Roni Beth Tower
Source: Roni Beth Tower

When two people who live in distant places meet and want to see more of each other, the seeds of a long-distance romantic relationship are sown.  The questions that the new couple asks are not the same as those posed by partners whose life events separate them after they have developed a stable relationship, complete with a shared history and culture, dreams for the future, and a network of friends and family.

Military couples separated by deployment. Student couples, studying at different schools. Couples who are living together when one of them gets a job in a distant location. This article addresses primarily the first kind of long-distance relationship, one about which I speak from firsthand experience (www.miracleatmidlife.com). Its unique challenges include confronting those very tasks of developing patterns, a shared vision, and a communal context, as well as exploring the more critical romantic relationship demands: appreciating how much closeness each person wants or can accept, when that needs to change, and how to change it.

Long-distance relationships are particularly interesting precisely because of the twist that geographical separation inevitably gives to a romantic relationship.  Any new love affair raises issues of when to be together, how to be together, why be together, and, naturally, when and how and why to be apart.  The tension runs deeper: how much of one’s life does a person want to share with a lover and how much privacy is required?  For example, a career that involves confidentiality, like psychotherapy or law or medicine, by definition requires that some degree of concealment be part of any other relationships, in order to protect clients.  Or one’s personality may require solitude as a necessary source of energy, the “introversion” Susan Cain so impressively described in her book Quiet.  And what about other, pre-existing relationships?

Non-romantic love relationships can create more room for other relationships.  For example, parents often discover that having—and loving—a child brings a greater capacity to love, and that capacity keeps growing along with the composition of the family.  But romantic love includes a note of possessiveness.  It thrives on total attention and the passion that attention can generates.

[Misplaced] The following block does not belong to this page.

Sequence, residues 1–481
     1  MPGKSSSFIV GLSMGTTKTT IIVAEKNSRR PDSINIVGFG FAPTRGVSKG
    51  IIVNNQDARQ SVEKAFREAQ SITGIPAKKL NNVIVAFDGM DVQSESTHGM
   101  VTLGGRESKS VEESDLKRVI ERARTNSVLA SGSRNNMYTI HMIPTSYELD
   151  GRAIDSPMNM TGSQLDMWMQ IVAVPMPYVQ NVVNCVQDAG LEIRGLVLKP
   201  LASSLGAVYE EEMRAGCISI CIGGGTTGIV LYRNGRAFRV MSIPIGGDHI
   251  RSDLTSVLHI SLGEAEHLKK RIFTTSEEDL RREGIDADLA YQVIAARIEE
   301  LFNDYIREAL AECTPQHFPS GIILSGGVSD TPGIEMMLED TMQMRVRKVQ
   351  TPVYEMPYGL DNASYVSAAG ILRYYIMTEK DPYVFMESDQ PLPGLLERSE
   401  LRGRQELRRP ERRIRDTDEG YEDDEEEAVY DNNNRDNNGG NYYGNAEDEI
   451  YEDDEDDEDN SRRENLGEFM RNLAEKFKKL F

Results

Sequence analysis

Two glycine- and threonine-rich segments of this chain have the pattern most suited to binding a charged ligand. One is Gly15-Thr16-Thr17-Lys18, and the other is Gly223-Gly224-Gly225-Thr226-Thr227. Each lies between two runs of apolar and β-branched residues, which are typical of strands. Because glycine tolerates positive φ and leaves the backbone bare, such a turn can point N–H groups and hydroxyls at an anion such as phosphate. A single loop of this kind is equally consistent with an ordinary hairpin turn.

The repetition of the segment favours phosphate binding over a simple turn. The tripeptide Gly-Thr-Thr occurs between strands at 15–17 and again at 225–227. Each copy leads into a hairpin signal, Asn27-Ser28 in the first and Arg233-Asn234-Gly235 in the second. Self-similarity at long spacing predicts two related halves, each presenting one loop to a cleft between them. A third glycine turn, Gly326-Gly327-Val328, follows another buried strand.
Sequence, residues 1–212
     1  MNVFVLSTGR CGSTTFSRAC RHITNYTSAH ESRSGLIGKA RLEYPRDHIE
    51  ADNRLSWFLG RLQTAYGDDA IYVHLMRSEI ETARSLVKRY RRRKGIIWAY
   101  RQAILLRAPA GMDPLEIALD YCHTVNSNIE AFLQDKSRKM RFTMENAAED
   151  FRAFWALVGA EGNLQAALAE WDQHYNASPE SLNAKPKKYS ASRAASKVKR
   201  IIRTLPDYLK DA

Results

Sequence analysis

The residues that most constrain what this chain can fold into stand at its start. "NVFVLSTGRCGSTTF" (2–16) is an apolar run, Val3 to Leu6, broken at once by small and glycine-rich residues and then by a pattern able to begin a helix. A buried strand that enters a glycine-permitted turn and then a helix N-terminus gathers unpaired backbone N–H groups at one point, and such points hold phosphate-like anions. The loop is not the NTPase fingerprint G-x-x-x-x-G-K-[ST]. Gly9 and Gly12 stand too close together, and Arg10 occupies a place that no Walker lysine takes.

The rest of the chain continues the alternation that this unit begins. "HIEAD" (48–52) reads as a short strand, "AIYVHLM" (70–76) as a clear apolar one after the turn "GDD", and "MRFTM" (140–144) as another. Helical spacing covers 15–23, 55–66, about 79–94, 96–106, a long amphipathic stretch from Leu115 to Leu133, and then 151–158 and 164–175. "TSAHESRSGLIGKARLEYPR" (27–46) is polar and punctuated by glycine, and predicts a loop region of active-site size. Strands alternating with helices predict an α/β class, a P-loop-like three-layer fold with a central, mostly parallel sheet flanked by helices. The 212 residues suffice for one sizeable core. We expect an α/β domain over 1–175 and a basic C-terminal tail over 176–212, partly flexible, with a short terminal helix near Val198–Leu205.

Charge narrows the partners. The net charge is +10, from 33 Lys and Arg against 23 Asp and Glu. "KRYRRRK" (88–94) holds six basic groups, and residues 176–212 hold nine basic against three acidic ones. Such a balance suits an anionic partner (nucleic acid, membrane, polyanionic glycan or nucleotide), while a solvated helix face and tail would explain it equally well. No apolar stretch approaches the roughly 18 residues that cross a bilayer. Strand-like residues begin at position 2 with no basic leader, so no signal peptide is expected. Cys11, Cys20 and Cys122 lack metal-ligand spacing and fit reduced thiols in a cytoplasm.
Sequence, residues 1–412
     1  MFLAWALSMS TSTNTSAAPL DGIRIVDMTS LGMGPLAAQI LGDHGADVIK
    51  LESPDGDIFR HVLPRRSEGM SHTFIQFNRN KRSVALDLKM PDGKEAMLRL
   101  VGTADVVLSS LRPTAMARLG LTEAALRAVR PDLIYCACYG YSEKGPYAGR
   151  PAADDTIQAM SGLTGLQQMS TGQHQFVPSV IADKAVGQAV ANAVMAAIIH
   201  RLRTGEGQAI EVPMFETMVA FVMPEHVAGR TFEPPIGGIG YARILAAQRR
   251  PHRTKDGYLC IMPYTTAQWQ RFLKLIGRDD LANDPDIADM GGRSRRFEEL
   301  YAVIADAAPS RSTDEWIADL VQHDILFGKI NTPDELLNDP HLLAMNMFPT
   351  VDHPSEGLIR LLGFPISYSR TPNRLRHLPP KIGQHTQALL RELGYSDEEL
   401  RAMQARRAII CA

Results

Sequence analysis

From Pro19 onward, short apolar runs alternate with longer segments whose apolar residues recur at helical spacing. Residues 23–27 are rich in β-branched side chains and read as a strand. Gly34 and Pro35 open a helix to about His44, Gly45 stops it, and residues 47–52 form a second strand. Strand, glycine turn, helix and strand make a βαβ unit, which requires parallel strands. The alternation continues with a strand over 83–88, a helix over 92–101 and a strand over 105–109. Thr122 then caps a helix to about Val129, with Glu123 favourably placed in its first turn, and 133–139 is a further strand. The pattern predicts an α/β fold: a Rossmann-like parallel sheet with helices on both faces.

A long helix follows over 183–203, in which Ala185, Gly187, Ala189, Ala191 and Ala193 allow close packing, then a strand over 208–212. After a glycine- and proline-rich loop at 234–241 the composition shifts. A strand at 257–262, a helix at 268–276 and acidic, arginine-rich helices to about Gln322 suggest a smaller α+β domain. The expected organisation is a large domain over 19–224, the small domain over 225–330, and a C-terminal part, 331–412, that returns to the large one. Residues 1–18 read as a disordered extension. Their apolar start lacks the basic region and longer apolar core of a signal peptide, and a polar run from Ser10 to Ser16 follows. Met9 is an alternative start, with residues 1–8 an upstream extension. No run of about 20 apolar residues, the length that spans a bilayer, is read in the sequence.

In a long-distance relationship, availability is, by definition, limited by time and space, thus becoming an important component of how the relationship can evolve and what is necessary to maintain it.  With geographic distance in the mix, not only does a couple need to confront how much closeness and how much separation they want, they also need to deal with:

  1. Not sharing the same context for  daily life—time zones, weather, people, patterns, activities, culture, events.
  2. Logistical challenges—calendar, transportation, communication and paying for it all take on new meaning when geographical distance is involved.
  3. Cultural differences, often accentuated with geographic distance, matters. Decision-making styles are often embedded in culture and can require negotiation.  Similarly, the relative importance of an event or demand that can affect being together can vary with culture.  Fourth of July and Thanksgiving are not holidays in France; three four or five-day weekends in May do not adorn the American calendar.  Many Asian cultures value emotional restraint; many Latin ones prize expression.
  4. When a couple is physically separated, daily life can be sheltered from the demands of the relationship.  There are no dinner plans to coordinate, no conflict when one wants to stay up late to work or read or watch a movie, no necessity to vent about a trivial annoyance whose impact on the bigger picture is negligible.  On the other hand, expectations can introduce new constraints, such as a phone or Skype check-in at an agreed-upon time, and flexibility may be harder to negotiate.
  5. In-person closeness and contact across a distance are not the same.  At a communication level, as Albert Mehrabian has suggested, even if 7% of our communication is in the words and another 38% is tone of voice, accessible through telephone, and even, generously, if another percentage is available through the visuals of Skype, a serious proportion of the information in the communication is missing.  Nuances of body language are unavailable, the energies emitted by emotions are lacking and, to make it worse, chances to adjust perceptions or correct misunderstanding through contact—a pat on the arm, a touch on the cheek, a rub of a shoulder—are not possible.